Danish director Nicolas Refn’s face, or modeling of it, recurs in promotional material and extracts and from scenes on the promotional trail for the recent release of “Death Stranding,” Hideo Kojima’s years-in-the-making post-apocalyptic postman video game, as does Guillermo Del Toro, another director friend of the game author.
I’m curious to see gameplay of this dark epic, but I doubt I’ll have the time or space. But I’ve absorbed a different extended work, a film-series-bloodied high-art epic since it dropped, near soundlessly, into the culture in June, Refn’s series “Too Old To Die Young.”
I watched the episodes through in a gulp or two. Elongated moments tip into elevated delirium: there’s immaculate visual hush while moral pandemonium seeps or erupts all around the dulled features of the not-quite-a-hero, Los Angeles County Sheriff’s Deputy Martin Jones, played by Miles Teller as a slab of taciturnity. A single event propels Jones into a sordid L.A. nightworld populated by stoic women, cartel foot soldiers, vigilantes and yakuza assassins. As a straightforward narrative, “Too Old” is nearly self-satire. But it’s also something else. Reviews were largely harsh.
Since summer, when writing at home, instead of in a café or office, I’ve frequently put on the ten-part, thirteen-hour series, created and written by Refn and Ed Brubaker. I have the soundtrack, but the score is not the same as the breath and breadth of Refn’s cocky canvas, scored by Cliff Martinez (“The Limey,” “Traffic,” “Drive,” “Only God Forgives,” “Neon Demon”). Forget the elevated pulp archetypes clanging: I let sound and music and sound design wash over me while working, occasionally consulting the images, which were shot by the great Darius Khondji (“City of Lost Children,” “Seven,” “Stealing Beauty,” “Amour,” “The Immigrant,” “Okja”), with additional cinematography by Diego Garcia and Chung-hoon Chung (“It,” “The Handmaiden”). (The colorist, Ian Vertovec, is also key to the hot-cold neon-shadow alternation.) I put the series on shuffle, paying little mind to the thin, often brutal narrative thread. And even as wallpaper, Refn’s work is shamelessly grandiloquent.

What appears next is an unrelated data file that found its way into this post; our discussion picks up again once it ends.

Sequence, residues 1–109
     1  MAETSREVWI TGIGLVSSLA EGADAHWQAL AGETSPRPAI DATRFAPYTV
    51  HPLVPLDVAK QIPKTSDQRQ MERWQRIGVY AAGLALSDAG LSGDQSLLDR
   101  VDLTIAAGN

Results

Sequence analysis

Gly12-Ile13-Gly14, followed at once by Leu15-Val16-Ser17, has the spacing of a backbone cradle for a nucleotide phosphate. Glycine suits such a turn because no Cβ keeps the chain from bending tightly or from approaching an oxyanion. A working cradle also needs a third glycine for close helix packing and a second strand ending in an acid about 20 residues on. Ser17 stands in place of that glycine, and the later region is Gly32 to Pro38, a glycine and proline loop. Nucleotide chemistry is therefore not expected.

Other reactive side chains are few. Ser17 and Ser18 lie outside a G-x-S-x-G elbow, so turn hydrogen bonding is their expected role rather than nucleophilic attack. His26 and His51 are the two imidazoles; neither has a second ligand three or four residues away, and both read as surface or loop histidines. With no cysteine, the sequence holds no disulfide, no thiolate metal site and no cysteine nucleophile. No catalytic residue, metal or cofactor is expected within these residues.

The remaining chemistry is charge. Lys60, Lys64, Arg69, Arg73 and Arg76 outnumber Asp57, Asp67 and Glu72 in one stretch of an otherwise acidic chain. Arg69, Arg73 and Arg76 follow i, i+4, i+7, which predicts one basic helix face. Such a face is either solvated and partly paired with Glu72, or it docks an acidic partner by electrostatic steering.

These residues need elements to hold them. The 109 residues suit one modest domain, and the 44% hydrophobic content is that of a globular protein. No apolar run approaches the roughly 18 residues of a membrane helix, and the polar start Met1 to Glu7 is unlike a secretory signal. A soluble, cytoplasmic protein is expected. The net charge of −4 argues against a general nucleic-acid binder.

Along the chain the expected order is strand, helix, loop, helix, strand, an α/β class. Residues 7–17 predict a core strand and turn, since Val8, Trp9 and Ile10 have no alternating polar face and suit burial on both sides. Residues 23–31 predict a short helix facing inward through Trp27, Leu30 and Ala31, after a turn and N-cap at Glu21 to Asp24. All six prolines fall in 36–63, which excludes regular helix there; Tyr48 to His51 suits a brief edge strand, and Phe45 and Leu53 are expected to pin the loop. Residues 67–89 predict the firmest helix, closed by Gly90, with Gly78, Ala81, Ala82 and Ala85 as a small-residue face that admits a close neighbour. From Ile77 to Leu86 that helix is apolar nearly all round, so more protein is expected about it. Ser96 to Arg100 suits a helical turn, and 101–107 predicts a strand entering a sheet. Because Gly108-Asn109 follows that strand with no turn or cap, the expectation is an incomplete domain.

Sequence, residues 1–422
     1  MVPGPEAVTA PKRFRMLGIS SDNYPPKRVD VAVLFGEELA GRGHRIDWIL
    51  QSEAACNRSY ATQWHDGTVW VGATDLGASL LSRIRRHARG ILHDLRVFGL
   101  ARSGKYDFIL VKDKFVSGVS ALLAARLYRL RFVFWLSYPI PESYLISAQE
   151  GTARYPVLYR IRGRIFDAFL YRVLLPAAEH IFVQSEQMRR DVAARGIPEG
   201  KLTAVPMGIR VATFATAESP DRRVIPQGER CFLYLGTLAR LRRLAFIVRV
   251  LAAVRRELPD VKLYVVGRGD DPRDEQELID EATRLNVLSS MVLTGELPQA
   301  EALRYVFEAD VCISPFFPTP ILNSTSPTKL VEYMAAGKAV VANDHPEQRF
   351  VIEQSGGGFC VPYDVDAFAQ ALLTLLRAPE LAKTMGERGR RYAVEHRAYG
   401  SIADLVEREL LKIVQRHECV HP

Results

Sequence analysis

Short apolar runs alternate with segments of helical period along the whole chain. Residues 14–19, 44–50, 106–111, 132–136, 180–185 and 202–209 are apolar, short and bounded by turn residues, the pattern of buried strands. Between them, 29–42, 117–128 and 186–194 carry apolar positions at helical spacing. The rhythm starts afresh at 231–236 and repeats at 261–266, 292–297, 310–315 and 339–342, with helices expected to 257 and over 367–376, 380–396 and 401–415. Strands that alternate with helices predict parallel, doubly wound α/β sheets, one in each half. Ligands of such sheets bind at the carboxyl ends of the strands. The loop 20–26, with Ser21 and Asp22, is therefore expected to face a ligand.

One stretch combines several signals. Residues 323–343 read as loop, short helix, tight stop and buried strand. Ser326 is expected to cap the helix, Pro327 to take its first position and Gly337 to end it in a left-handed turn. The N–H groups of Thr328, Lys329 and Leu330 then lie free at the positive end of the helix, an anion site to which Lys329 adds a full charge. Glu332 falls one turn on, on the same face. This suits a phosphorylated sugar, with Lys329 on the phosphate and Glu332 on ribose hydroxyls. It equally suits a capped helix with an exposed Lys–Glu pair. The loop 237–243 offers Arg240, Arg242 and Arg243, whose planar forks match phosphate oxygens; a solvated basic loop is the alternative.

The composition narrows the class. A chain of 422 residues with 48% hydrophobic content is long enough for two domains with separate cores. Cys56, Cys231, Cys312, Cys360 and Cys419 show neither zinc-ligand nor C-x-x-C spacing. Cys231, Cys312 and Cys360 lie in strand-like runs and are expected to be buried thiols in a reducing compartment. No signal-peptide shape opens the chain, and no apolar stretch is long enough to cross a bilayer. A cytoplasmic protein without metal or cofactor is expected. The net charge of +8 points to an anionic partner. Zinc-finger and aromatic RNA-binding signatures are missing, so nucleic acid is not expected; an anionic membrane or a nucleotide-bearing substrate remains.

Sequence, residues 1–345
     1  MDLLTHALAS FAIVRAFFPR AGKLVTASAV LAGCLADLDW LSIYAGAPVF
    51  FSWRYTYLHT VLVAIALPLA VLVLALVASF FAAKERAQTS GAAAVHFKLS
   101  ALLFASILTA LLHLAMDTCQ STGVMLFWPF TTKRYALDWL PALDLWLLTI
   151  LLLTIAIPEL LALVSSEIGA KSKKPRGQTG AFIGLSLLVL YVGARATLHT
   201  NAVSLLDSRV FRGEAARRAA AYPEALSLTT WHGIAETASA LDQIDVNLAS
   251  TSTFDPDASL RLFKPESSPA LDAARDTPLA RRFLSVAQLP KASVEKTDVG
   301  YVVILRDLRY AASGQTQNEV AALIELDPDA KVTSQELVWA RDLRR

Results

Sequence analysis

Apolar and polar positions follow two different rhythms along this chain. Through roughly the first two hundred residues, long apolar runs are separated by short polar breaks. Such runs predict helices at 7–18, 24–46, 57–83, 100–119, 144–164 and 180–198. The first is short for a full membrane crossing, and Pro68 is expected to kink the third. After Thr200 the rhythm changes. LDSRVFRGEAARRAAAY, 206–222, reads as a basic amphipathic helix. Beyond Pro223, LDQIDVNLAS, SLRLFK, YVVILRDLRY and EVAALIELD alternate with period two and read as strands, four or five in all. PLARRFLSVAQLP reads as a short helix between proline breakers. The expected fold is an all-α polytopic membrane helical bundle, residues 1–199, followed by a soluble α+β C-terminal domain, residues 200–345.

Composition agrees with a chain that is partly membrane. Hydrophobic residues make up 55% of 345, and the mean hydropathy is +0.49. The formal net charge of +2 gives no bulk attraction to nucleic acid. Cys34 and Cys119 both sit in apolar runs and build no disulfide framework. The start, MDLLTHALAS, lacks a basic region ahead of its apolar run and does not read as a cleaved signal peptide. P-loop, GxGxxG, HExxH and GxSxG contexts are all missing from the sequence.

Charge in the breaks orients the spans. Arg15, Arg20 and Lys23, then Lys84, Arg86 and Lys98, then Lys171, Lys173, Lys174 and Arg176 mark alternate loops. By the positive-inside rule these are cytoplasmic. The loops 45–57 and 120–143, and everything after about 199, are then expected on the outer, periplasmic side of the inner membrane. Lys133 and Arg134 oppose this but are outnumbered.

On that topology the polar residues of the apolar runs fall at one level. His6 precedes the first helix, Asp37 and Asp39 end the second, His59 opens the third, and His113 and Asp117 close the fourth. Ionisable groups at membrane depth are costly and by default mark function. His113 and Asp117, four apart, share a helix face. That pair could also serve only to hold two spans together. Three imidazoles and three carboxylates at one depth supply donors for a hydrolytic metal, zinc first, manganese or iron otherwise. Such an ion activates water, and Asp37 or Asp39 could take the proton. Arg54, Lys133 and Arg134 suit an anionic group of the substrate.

Finished Too Old To Die Young at about five to three last night. It’s Twin Peaks meets Mexican Sopranos with a side order of fascist Police Academy and spiritual Magnum Force. It is mesmeric and fucking nasty. Magnificent.
— Anthony Boyd (@CharlieBronze) June 17, 2019
The last time I talked to Refn, we bandied the idea of “the tableau” in filmmaking, parked somewhere between perfumed art-house and moneyed art gallery, and he anticipated this later reaction to the series he had not yet written or shot. “Tableaux, that’s very precise structurally,” he said of “Neon Demon” (2016). “I basically designed the movie as something my kids would watch on the internet. Because they have no more length than ten minutes on YouTube. The idea was that you could cut the movie up in ten-minute pieces, see it individually, or you could put it all together and see it again.”
So, let’s say “Too Old To Die Young” is not a movie or a traditional series or like any other streaming series I’m aware of, nor is it an installation, and it’s not a DVD or a Blu-ray. (Most episodes are near feature length; one abrupt instance ends after half an hour.) In essence, it’s just one of the many data files on Amazon Prime, data assets assembled from multiple AWS servers (Amazon Web Services) as it streams.